Hanna, Bill

Posted in WB Cartoon Companion on March 22, 2004

    One half of the duo of Hanna-Barbera, who would provide the stiffest competition for the Warner Brothers studio with their Tom and Jerry cartoons for MGM in the forties and fifties. For better or for worse, he and his partner Joe Barbera went on to revolutionize the animation industry with their mass production techniques of “limited animation” for television starting in the late 1950s.

    The obituary in Variety for Hugh Harman lists Bill Hanna as having worked at the Warner Brothers studio. His own autobiography indicates that he had started out there as a custodian/“gofer”, later graduating to a position as a cel washer -- which was also the entry point for Chuck Jones into the industry. He was eventually put in charge of the then very small ink and paint department (clearly indicating the mobility of workers in the industry at that time). Hanna claims that Harman and Ising incorporated some songs that he wrote into some of the Bosko cartoons, though he does not identify any in particular.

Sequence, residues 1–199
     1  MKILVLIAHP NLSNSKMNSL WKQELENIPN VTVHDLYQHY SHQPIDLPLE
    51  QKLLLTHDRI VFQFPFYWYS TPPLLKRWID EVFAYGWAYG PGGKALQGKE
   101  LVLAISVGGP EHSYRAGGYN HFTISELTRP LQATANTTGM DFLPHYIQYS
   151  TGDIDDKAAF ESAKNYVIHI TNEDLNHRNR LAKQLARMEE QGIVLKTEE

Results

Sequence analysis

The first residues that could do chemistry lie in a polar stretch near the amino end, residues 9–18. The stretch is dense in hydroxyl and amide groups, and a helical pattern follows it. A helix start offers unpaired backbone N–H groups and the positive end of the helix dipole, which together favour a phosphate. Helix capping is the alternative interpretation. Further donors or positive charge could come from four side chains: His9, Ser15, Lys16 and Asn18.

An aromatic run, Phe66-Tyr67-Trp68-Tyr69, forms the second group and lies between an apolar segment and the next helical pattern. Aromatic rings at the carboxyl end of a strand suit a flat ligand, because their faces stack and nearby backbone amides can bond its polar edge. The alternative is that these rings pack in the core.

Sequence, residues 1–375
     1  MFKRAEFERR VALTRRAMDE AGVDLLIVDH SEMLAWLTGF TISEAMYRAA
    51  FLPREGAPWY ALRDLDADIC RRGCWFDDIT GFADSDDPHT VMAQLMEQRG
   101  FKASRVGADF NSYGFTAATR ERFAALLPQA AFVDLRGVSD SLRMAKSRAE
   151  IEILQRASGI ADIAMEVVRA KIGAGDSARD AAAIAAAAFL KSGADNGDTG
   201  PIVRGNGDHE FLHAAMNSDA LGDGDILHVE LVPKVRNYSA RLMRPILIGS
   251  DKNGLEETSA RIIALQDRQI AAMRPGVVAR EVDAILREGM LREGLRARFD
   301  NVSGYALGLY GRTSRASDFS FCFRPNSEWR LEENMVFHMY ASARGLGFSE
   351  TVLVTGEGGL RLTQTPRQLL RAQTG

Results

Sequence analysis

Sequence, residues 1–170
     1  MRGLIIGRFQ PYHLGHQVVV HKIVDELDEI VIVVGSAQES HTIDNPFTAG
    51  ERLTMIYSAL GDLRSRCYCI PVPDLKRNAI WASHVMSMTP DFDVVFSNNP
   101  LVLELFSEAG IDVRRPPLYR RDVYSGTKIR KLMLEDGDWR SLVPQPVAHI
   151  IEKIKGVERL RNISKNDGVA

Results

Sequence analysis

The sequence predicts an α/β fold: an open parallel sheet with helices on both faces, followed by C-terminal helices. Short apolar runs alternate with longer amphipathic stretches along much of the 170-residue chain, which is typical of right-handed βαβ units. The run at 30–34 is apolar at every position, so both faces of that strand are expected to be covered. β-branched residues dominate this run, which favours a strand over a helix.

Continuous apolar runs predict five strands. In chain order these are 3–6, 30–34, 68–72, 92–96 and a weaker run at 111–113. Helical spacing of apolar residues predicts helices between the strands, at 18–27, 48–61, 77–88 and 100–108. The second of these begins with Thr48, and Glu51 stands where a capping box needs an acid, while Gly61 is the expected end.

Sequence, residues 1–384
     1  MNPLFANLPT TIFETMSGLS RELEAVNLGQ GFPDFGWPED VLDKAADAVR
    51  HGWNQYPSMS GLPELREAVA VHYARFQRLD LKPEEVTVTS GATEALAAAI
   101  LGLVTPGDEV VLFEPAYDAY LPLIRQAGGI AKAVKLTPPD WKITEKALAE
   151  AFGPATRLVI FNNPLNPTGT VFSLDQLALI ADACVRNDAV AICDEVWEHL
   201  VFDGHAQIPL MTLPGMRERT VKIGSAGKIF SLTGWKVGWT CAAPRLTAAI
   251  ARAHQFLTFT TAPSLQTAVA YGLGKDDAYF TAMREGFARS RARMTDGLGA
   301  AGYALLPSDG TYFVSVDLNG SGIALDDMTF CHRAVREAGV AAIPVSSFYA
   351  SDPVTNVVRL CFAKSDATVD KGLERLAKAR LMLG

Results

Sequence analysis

Hanna left the studio when Harman and Rudy Ising split with producer Leon Schlesinger in 1933. The rest, as they say, is history.

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